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BRITAIN’S Disabled Ski Team “warmed up” for the Winter Paralympics by turning in some good performances at the IPCAS World Cup at Roll Rinn, Austria.

Sean Rose sped through the Slalom, coming fifth in a truly world class field with just a single error on his second run separating him from a podium finish.
 
Rose said: “At World Cup level you need to live on the edge to be in with a chance, so I went for it from the start. The course was difficult so I had to work hard to remain upright and react to changes in the terrain while going at full pelt.
 
“In my first run I was only 0.5 seconds behind multiple Paralympic and Word Cup medallist Martin Braxenthaler, which put me in second place. It felt awesome but I refocused for the second run.

“The course was rough as 70 skiers had passed over it before me.

“At the fourth gate, I slid sideways and pushed to get going again. Having lost so much time, I got mad and threw caution to the wind which produced some of the best slalom skiing I’ve ever done.”
 
Spectators saw the determination in Sean’s skiing after he shot sideways at the fourth gate.

Unrelenting, he ripped through to the bottom section proving that he will be one to watch at the Paralympics in March.
 
The team are still hoping to attract a sponsor.

Team manager Dave Chugg said:

“I expect 2010 to produce Britain’s premier appearances on the Paralympic sit skiing podiums, which will generate a new level of prestige from March through to October 2010.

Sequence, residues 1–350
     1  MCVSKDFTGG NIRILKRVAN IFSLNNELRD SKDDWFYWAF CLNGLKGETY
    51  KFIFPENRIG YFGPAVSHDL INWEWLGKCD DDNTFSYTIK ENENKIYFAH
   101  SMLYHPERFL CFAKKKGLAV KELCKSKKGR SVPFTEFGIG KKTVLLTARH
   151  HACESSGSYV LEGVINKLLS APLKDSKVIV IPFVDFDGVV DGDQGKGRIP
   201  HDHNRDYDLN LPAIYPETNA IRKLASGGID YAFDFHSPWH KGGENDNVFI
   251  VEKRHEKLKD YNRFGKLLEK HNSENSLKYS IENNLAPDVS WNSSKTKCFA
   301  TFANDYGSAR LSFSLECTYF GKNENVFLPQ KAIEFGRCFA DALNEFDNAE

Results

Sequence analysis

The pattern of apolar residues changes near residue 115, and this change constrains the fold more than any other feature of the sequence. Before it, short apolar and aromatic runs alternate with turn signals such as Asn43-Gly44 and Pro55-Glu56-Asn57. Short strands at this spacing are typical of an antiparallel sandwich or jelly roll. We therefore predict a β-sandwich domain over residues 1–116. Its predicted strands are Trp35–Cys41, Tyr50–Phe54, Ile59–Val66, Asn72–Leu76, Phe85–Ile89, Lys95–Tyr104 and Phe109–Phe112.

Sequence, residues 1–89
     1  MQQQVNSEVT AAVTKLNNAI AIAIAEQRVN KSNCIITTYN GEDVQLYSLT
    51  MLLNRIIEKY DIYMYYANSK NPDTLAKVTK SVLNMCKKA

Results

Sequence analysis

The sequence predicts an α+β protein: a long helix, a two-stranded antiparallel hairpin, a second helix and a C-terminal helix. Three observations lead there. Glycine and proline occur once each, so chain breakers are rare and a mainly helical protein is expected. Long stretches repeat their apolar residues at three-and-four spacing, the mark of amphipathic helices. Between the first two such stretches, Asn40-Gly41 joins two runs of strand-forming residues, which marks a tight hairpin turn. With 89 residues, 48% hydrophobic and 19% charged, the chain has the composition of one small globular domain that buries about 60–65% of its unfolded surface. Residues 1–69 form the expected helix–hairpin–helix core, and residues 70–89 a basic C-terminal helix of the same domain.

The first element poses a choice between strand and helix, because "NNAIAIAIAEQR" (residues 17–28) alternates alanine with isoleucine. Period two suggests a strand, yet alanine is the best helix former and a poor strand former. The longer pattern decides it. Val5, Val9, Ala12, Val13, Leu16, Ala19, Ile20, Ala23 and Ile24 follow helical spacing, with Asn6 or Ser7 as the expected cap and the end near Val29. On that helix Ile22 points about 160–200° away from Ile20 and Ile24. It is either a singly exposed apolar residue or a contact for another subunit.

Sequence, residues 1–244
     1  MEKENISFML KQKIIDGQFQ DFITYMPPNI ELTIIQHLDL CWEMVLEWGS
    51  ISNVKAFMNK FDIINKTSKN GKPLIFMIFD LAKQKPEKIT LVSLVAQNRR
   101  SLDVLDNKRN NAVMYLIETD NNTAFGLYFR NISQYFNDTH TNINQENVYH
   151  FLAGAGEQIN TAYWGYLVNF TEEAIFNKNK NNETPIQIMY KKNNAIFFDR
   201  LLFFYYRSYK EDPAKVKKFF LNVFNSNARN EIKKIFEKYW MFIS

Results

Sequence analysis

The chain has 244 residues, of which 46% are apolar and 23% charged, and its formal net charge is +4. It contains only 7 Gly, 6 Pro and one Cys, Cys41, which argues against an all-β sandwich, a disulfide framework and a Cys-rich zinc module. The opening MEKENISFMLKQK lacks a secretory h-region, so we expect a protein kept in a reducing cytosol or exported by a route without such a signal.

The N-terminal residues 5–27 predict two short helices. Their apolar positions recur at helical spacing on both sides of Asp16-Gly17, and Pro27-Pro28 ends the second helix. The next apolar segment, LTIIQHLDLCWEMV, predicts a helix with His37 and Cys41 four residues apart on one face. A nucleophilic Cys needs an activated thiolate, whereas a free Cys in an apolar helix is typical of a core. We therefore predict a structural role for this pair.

“The British Disabled Ski Team are using almost every penny they have to give the athletes their best chance at the Paralympics.

“Because the team do not have a major sponsor, their spend this season means that they may not be able to afford to compete as effectively in next season’s international events which run from October 2010 to March 2011.

“Essentially, competing in the Paralympics this year has meant putting development on hold – we cannot afford to both compete at the highest level and fund a proper development strategy right now.

“To build positively on what we have achieved this year and last year, we really need a sponsor now otherwise our ground breaking projects which fast track the kids of today into the champions of tomorrow will falter.

“Britain’s future in the sport could be extremely bright, but we are on a financial knife edge right now.

“A fairy godmother with £50,000 is what we could use at the moment – this would safeguard our future and ensure that our medals this year are not just a flash in the pan.”